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Fulton man reaches out to world through radio

Dick White listens in as he taps out a message in Morse code to a listener across the world from his home Monday. White, perhaps Callaway County’s most prolific ham radio operator, has made contacts to almost everywhere in the world over the past 37 years.

Dick White listens in as he taps out a message in Morse code to a listener across the world from his home Monday. White, perhaps Callaway County’s most prolific ham radio operator, has made contacts to almost everywhere in the world over the past 37 years.

He served Fulton and Callaway County as an optometrist for 40 years, but the two broadcast towers he’s erected in his backyard mean Dick White’s neighbors probably know him best as a radio man.

There are hundreds of people in as many countries, territories and islands who know him as an amateur radio operator as well. Since he discovered his love of radio at a young age, White has gone on to become a founding member of the Callaway Amateur Radio League (CARL) and make long-distance confirmed contacts to locations around the world.

White was born Sept. 15, 1926, in Oklahoma City, and graduated from high school in Carthage. After serving the Navy during World War II and attending college in Memphis, he moved to Fulton in 1954 to open an optometry practice, which he continued until 1992 when he retired and sold his business to J.W. Vann.

Though eyecare was his profession, his passion proved to be radio. The bug bit him when he was just 9 years old after reading instructions on making a simple home radio receiver out of a Quaker Oats box in an edition of Popular Mechanics magazine.

“It was quite a thrill when I moved a wire across that galena crystal and heard a voice say “this is WKY in Oklahoma City,” White said. “I’ve always been interested in things like that, hands-on things. I don’t collect stamps.”

School, work and family kept him from fully pursuing a hobby in amateur — or ham — radio for many years, but White’s self-described fascination continued until serendipity in 1976.

“I didn’t have too much time, but in the back of my mind I always wanted to get into ham radio,” he said. “Then a friend I knew was teaching a class, so I took it and passed and got licensed by the FCC.”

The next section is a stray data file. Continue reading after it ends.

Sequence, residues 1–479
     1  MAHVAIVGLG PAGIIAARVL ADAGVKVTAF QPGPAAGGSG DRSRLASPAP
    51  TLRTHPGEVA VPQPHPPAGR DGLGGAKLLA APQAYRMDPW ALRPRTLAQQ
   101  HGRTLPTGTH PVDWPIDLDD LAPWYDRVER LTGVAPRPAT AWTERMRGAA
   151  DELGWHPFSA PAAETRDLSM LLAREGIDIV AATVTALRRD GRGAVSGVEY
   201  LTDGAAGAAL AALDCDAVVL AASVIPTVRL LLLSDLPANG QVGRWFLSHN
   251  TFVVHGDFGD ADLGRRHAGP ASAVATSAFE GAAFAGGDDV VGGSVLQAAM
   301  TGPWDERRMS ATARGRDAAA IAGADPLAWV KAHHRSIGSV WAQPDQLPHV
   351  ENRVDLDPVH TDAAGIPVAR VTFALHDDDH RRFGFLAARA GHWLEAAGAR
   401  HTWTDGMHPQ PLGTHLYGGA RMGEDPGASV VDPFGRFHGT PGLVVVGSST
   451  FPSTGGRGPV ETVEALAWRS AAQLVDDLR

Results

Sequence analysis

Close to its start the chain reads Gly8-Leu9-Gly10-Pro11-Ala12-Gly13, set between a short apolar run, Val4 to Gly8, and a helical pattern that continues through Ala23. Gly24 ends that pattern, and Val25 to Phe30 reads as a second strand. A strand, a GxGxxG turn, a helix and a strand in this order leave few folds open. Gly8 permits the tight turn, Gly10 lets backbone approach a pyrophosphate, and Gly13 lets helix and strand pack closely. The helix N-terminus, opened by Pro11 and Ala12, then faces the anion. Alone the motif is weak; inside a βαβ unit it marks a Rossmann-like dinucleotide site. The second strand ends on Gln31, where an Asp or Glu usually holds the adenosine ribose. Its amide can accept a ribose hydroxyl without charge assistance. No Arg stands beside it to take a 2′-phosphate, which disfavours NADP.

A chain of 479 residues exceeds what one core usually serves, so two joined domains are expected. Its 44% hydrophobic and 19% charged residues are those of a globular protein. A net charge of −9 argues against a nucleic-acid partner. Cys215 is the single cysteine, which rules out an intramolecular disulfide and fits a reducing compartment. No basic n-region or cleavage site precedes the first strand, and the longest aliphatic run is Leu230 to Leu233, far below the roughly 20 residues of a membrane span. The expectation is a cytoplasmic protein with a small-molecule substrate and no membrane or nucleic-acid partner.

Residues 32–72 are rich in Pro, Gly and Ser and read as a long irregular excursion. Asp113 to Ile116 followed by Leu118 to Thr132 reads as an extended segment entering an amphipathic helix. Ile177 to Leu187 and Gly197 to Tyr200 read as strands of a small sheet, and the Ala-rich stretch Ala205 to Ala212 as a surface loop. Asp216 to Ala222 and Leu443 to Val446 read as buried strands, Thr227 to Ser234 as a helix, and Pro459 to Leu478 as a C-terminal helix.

White began a steady hobby as soon as he received his license. For the first several years he used borrowed equipment — buying new models can be as expensive as several thousand dollars — but has since bought his own hardware, computer software, a vertical amplifier and a 55-foot antenna erected in his backyard to support his career as one of Callaway’s most prolific hams.

It’s a hobby that’s earned him praise from like-minded individuals. He continues to help others discover radio as the last active founding member of CARL. Adorned on his wall are many of his accolades, including his license and the Amateur Radio Relay League’s DXCC Honor Roll plaque, which he earned for coming within 10 confirmed DX’s — or distant contacts — of the organization’s 341 recognized countries, territories or entities for amateur radio contact.

This means that from his home in Fulton, White has used his equipment to reach out with his equipment in more than 64,000 calls in 37 years to contact people from all over the world, including Russia, Colombia and even Antarctica.

The two holdouts he hasn’t reached are Bouvet Island and Scarborough Reef — both small uninhabited areas that can only be contacted during rare opportunities when researchers or other hams set up there.

White occasionally uses a microphone to project his voice great distances, but for the majority of his calls prefers the more reliable method of Morse code. He made his first international call to European Russia in 1976, but he said his most exciting contact came a few months earlier, in his first call to Glendale Heights, Ill.

“The first time I got on air and talked to somebody was the most exciting. My hands were sweaty; I was nervous.”

White said he’s made friends miles away through radio, and he keeps a binder filled with postcards from the people he’s contacted, used as an official means among hams to confirm calls. He still works towards Bouvet Island and Scarborough Reef, but though it would mean the end of a long challenge to “work” calls to everywhere in the world, it wouldn’t be his last.

“I’m trying to fill in the band countries,” he said simply. “I’ve only worked Pakistan on one band, for instance; I’d like to work it on the rest.”

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